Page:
Search the library catalog to find books available in any of the Mercer University Libraries. Please check to make certain items you want are available at your location; if the item you need is at another location, view this guide on how to request it. If you don't see a title in the online catalog, you may request books via Interlibrary Loan, or new or additional titles that the library should purchase.
Books relevant to Classical Studies can be found in multiple areas in the Library of Congress Classification Scheme used by University Libraries. Some relevant sections include:
- B 108-708 Philosophy of the Ancient World
- DE 1-100 History of the Greco-Roman World
- PA 1 - 8595 Classical Literature
Many e-books are available via Discovery. Works in the public domain may be found here:
Internet Classics Archive - Offers 441 works of classical literature by 59 different authors, mainly Greco-Roman works (some Chinese and Persian), all in English translation. The Archive is searchable, and includes a list of links to other resources.
Perseus Digital Library - Sponsored by Tufts University, this site includes a digital library that provides a variety of resources on the ancient world from primary texts to site plans. Note that many of the materials here are provided in their original language, although translations are often also available.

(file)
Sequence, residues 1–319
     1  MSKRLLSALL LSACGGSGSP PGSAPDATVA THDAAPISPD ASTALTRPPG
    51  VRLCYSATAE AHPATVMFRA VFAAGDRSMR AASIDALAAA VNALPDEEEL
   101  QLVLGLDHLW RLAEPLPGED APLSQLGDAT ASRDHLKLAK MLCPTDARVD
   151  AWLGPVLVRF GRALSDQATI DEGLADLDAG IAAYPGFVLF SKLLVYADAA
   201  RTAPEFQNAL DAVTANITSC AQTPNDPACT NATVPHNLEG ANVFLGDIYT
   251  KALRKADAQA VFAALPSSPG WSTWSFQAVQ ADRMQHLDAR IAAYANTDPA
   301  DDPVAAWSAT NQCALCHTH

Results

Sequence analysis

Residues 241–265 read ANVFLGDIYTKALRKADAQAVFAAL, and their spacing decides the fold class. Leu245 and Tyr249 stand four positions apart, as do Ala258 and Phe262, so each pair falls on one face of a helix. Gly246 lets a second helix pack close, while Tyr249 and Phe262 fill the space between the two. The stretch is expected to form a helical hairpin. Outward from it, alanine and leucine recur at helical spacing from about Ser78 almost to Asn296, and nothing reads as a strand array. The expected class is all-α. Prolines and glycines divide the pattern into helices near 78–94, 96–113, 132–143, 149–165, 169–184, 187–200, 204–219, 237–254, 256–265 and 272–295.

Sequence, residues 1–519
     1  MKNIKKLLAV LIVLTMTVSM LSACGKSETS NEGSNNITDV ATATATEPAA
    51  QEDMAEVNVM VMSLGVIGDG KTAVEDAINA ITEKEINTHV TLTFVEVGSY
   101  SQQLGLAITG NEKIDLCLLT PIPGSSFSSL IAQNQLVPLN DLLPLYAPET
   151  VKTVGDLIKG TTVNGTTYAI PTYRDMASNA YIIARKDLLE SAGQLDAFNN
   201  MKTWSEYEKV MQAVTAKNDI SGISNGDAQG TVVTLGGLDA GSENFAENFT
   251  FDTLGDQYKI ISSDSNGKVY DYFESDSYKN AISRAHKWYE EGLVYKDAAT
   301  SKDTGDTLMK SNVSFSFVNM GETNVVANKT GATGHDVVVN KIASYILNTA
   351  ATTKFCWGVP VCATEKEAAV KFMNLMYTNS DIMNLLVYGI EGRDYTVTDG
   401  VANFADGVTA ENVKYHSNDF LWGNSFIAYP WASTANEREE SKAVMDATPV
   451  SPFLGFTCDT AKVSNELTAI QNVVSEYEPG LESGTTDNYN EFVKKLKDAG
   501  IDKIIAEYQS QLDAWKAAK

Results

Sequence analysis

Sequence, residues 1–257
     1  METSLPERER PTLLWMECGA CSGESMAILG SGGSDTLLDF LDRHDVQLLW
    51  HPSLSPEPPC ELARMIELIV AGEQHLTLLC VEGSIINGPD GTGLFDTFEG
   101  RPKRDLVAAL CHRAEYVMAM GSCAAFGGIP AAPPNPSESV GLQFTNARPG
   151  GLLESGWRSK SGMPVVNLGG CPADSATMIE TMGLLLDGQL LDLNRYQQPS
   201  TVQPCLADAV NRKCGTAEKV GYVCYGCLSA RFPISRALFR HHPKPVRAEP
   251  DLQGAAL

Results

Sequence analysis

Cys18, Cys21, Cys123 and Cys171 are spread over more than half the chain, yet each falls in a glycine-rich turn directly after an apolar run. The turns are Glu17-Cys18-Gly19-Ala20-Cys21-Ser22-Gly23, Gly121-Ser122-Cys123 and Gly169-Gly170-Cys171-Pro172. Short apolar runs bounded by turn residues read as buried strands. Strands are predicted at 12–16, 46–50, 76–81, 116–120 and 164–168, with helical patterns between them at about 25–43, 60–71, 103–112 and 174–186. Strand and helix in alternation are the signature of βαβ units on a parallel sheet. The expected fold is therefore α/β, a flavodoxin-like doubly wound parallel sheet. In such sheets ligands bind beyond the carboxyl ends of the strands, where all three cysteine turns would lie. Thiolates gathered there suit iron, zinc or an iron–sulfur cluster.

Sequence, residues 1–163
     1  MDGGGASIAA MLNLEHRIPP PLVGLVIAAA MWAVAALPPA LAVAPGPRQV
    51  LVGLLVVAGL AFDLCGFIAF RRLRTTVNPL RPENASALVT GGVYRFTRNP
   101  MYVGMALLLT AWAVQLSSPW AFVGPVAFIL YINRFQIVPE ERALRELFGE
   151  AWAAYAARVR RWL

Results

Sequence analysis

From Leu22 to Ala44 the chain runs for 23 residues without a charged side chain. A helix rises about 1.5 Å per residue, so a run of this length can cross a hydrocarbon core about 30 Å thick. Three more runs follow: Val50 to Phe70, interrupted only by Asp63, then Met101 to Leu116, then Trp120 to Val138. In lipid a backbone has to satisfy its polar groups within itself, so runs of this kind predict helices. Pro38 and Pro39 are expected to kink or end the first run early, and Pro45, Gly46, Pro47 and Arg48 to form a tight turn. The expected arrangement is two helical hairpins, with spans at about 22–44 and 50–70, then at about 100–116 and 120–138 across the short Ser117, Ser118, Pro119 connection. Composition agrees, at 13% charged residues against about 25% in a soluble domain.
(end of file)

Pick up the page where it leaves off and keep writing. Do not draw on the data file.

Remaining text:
Reference Sources Online and in the University Libraries
Oxford Art Online— Provides online access to the entire text of the 34-volume Dictionary of Art plus newly-commissioned articles. The database includes over 45,000 articles on every aspect of the visual arts from prehistory through the present. Through an alliance with The Bridgeman Art Library, the database offers access to over 130,000 searchable images.
The following titles in the Tarver Library Reference Collection may also be useful:
- The Cambridge Dictionary of Classical Civilization
- The Oxford Classical Dictionary
- The Oxford Companion to Classical Literature
- Latin Language Dictionaries:
- PA 2365
- Greek Language Dictionaries:
- PA 445 (Classical Greek)
- PA 881 (New Testament Greek)
Perseus Digital Library - Sponsored by Tufts University, this site includes a digital library that provides a variety of resources on the ancient world from primary texts to site plans. Many sources from the Classical world are provided both in the original language and in translation. Perseus also provides tools to help you translate works or cross-reference word usage.
Perseus Art and Archaeology Artifact Browser - Access images and short descriptions of sites, buildings, coins, vases, and other physical artifacts of the classical period.
American Philological Association - Founded in 1869 by "professors, friends, and patrons of linguistic science," the APA is the principal learned society in North America for the study of ancient Greek and Roman languages, literatures, and civilizations. While the majority of its members are university and college Classics teachers, members also include scholars in other disciplines, primary and secondary school teachers, and interested lay people. (Description taken from the APA website.)
no course guides available at this time